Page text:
Home News Local news Palace Resorts Officials: Grand Beach Won't Reopen

Palace Resorts Officials: Grand Beach Won't Reopen


Aug. 13, 2004 – After less than a year of operation, the Grand Beach Palace Resort is going out of business, leaving its staff of nearly 300 persons out of work.
The resort's general manager, Luis Entrala Fabregas, announced on Friday that the property will be "permanently closing."
Mexico-based Palace Resorts purchased the 290-room hotel last November from CTF St. Thomas Corp. for $9.75 million. At that time the hotel was being operated as the Renaissance Grand Beach Resort under the management of Marriott Resorts. Palace Resorts converted the property into an all-inclusive resort.
Grand Beach officials announced on July 1 that the hotel would close temporarily on Aug. 28 for $12 million worth of renovations. Their local attorney, Derek Hodge, said at that time that management was projecting occupancy of 10 percent in August and 1.5 percent in September – levels unheard of for a major V.I. property except in the immediate aftermath of a devastating hurricane.
However, Randolph Allen, United Steelworkers of America international staff representative, charged at that time that the resort was closing to thwart union efforts to organize its workers. (See "Grand Beach Palace Resort to Close for Renovations".)
The impending fate of the employees became a center of political controversy. Palace Resorts said it would give everybody one week's severance pay plus pay for accrued leave time. Objections were raised because many staff members have been with the property for as much as two decades through various ownerships and managements.
But Palace Resorts officials said they were exempt from the territory's plant-closing law, which calls for a week's severance for every year worked, because the company has been in business for less than a year. And Labor Commissioner Cecil Benjamin later said that did seem to be the case.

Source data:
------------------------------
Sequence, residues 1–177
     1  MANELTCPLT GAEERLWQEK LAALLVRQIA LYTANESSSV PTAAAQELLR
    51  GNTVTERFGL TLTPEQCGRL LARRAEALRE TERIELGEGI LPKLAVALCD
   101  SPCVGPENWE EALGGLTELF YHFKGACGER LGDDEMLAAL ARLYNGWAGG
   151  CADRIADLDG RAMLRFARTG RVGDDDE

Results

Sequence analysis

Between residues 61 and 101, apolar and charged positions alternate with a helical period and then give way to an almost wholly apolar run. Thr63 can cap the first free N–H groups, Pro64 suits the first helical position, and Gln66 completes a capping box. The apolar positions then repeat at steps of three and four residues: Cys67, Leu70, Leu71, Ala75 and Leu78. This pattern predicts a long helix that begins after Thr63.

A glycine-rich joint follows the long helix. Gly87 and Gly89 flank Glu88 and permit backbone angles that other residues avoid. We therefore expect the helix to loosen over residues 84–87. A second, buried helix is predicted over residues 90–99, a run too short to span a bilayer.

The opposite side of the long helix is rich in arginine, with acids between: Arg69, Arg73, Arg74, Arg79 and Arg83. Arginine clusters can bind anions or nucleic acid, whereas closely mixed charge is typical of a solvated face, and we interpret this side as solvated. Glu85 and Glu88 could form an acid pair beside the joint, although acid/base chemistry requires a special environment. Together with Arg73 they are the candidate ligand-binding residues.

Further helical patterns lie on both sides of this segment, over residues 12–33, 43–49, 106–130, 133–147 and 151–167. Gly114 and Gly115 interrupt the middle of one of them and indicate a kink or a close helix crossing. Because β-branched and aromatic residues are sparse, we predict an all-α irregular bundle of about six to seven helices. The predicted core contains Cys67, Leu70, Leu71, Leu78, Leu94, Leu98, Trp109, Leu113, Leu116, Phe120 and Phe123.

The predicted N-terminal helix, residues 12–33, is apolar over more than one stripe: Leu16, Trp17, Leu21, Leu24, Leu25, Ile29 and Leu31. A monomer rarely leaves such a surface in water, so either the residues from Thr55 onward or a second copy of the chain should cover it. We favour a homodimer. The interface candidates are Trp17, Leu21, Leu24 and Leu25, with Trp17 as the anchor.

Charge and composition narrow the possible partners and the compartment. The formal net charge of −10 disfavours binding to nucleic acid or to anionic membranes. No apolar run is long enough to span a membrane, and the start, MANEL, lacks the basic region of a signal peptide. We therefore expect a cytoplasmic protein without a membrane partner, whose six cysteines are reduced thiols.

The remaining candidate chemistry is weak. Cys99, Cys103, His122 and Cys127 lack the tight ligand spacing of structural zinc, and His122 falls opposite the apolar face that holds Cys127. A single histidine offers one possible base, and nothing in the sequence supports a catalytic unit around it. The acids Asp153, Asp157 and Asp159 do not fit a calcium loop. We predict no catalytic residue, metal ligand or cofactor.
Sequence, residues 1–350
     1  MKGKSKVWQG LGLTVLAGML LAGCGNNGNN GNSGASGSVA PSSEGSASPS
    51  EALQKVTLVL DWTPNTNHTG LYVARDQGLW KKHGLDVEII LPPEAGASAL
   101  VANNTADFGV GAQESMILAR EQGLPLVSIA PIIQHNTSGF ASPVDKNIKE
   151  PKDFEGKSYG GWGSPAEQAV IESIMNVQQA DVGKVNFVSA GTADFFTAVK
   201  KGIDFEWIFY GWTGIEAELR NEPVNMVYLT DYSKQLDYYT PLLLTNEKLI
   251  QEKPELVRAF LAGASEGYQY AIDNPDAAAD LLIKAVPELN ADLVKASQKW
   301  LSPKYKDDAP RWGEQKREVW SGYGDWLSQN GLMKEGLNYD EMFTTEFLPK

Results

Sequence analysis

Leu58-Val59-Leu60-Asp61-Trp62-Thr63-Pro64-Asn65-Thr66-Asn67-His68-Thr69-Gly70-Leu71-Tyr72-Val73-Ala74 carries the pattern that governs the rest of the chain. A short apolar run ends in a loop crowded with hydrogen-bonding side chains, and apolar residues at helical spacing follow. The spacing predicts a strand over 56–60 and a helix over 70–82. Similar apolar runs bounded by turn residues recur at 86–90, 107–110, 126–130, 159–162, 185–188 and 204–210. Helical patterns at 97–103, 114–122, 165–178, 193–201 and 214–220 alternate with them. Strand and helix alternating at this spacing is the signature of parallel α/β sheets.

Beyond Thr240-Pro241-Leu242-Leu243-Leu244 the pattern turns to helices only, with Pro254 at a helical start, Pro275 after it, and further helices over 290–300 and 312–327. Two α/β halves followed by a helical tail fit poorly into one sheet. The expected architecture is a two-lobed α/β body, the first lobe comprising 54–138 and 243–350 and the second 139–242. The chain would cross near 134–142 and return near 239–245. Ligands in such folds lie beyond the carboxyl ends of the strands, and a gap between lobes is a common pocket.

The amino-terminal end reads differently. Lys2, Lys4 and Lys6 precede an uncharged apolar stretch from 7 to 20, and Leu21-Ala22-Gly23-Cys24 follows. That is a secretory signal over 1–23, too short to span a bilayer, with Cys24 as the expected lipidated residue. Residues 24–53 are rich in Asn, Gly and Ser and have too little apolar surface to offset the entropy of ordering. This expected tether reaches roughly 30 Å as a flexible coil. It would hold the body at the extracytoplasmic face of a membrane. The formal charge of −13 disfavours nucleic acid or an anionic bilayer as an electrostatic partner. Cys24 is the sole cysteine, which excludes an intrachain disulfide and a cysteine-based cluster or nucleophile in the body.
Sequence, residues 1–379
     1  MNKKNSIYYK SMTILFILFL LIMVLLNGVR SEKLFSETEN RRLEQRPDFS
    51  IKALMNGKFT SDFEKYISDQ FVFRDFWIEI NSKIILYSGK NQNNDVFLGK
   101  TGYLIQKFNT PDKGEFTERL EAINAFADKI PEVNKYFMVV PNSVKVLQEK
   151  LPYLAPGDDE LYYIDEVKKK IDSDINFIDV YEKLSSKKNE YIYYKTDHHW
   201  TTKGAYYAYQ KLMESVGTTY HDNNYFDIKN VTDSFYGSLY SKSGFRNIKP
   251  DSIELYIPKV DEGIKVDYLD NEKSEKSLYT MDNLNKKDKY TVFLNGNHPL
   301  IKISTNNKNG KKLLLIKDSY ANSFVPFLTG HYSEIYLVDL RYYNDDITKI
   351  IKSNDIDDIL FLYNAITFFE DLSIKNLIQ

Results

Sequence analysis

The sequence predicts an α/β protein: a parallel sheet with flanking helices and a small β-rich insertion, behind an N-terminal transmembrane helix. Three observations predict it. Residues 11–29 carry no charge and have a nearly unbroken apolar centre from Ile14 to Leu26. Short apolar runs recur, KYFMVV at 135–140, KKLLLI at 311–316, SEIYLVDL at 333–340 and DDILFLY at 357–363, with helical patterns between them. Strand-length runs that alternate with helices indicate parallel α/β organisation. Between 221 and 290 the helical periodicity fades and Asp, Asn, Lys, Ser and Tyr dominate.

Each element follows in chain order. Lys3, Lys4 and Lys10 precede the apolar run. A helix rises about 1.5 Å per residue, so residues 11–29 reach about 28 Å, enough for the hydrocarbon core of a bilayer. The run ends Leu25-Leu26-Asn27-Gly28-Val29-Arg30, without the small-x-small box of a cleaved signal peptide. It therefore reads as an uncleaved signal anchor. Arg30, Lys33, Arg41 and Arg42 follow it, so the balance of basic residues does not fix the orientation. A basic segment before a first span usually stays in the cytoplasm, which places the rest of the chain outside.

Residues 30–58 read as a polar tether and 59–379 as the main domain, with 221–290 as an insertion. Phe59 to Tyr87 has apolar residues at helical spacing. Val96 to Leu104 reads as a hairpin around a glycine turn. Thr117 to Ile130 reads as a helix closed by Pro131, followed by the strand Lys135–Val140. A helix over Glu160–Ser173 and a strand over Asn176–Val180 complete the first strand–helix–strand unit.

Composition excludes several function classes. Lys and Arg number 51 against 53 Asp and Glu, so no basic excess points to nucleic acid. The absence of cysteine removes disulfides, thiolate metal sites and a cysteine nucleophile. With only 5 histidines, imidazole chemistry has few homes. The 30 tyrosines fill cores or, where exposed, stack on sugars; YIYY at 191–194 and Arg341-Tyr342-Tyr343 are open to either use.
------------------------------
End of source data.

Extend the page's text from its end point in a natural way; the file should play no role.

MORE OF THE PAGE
Also causing controversy were statements by the Palace Resorts officials that they would have to receive Economic Development Program tax benefits in order to continue doing business in the Virgin Islands.
On July 1, Palace Resorts said the closing would be temporary without specifying a targeted reopening date. Hodge expressed the hope that it would be about six months. Now, however, hotel officials say they have abandoned the idea of reopening.
"My clients have come to the conclusion that it is too difficult to do business in the territory," Hodge said on Friday.
Hodge said his clients were "enormously hurt" by statements made by senators during recent hearings on the proposed closing of the hotel. Neither Entrala nor Hodge attended the two hearings of the Senate Labor and Veterans Affairs Committee, although they had been invited to testify at the first, on Aug. 3, and subpoenaed to do so at the second, on Wednesday.
Entrala sent a letter to the committee in lieu of appearing on Wednesday. In it he stated that he had watched part of the previous week's hearing on television and charged that some senators had made derogatory and defamatory remarks. He also stated that the subpoena he had received was "unenforceable." (See "Subpoenas Fail to Get Resort Officials to Appear".)
"They came here in all good faith," Hodge said on Friday of the Palace Resorts ownership and management. But, he said, hostility from the V.I. government has turned them away.
Hodge also said that his client's business model — as an all-inclusive resort (in which guest rates include all meals, entertainment, leisure activities and other amenities) — will not work in the Virgin Islands, although it has been quite successful in many of the other Caribbean Islands.
The nearby Wyndham Sugar Bay Resort and Spa, which with a few more rooms than the Grand Beach is the second-largest resort on in the territory, and the smaller, family-owned Bolongo Bay Beach Club have operated as all-inclusive properties for years.
Since it was developed in the mid-1980s as a Wyndham property, the Grand Beach has been one of the four largest in the Virgin Islands. Marriott Frenchman's Reef Beach Resort has 408 guest rooms and suites, Wyndham Sugar Bay Resort has 300, and the Westin St. John Resort has 282.
Severance pay will be given to the workers as previously announced, Hodge said. But he also said, "We're working that issue out."
The property will once again be put up for sale.

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